The organizing committee of this summer's Tokyo Olympics and Paralympics said Monday it will not accept volunteers from overseas in principle as a precaution to prevent the spread of the novel coronavirus.

The organizing committee's CEO Toshiro Muto, however, said it will consider allowing in foreign-based volunteers with skills necessary for the smooth running of the games under special entry rules.

Officials with knowledge of the planning said the exception could be made for around 500 volunteers, whose roles cannot easily be performed by somebody living in Japan, such as those who are capable of speaking minority languages.

"It's very painful, but we have to decide on a shift," Muto said at a press conference. "Delaying any further to make a decision will cause confusion."

Muto said about 2,300 foreign nationals living abroad have been registered as volunteers.

The announcement came after the organizing bodies of the Tokyo Games, including the International Olympic Committee and the International Paralympic Committee, formally agreed Saturday that the global sporting event will be staged without overseas spectators due to public concern over the coronavirus pandemic.

According to the Japanese organizing committee, foreign nationals made up roughly 10 percent of a total of 80,000 volunteers before the pandemic forced the one-year postponement of the games.

Japanese citizens living abroad are expected to be allowed to volunteer, according to the officials.

Holding an executive board meeting, the organizing committee also said Monday it will launch a program aimed at making Japanese society more diverse.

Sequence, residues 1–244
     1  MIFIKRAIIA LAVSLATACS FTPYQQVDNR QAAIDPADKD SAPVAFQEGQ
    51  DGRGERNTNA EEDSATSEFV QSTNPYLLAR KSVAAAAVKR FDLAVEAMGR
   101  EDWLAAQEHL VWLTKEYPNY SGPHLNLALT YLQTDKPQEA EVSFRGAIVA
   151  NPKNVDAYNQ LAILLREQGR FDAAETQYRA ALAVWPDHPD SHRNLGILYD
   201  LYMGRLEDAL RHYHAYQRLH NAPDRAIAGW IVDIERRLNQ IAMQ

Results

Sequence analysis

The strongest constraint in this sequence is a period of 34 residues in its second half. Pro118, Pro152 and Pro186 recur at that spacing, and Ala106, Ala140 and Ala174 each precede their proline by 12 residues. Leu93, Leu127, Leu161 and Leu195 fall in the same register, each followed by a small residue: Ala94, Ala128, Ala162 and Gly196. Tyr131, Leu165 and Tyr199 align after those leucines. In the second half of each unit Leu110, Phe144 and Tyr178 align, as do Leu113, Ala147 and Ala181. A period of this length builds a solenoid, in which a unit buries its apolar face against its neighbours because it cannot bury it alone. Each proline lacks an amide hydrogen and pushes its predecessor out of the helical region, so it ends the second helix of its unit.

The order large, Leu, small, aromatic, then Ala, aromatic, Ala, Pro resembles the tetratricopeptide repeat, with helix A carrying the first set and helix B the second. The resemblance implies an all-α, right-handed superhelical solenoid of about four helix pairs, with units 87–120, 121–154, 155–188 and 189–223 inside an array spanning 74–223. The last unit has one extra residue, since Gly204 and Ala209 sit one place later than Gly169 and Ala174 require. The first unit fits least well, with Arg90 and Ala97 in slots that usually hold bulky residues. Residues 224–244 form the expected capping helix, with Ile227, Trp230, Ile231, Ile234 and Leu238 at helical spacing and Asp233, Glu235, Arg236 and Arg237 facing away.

Under the program, tentatively called the declaration to aim for a society easy for everyone to live, the committee will set goals to promote respecting diversity.

The meeting was the first with its 12 new female members, including Sydney Olympic marathon gold medalist Naoko Takahashi and Paralympic Alpine skier Kuniko Obinata.

The new members brought the number of women on the 45-member board to 19, raising female participation to above the 40 percent target set by the committee's new President Seiko Hashimoto, who succeeded Yoshiro Mori in February after he was forced to step down over sexist remarks.

"We want to lay the foundation to help trigger social changes in Japan after the Tokyo Olympics," Takahashi told reporters following the meeting, during which gender equality was discussed among other issues.

Various measures being considered by the committee's team tasked with promoting gender equality, led by its sports director Mikako Kotani, were explained at the meeting, including giving consideration to the balance of women and men presenting medals to athletes at the Tokyo Games in ceremonies.

It also decided to ban those entering competition venues from taking, sending or crafting images and movies of athletes that could be suspected of having sexual-harassment purposes.

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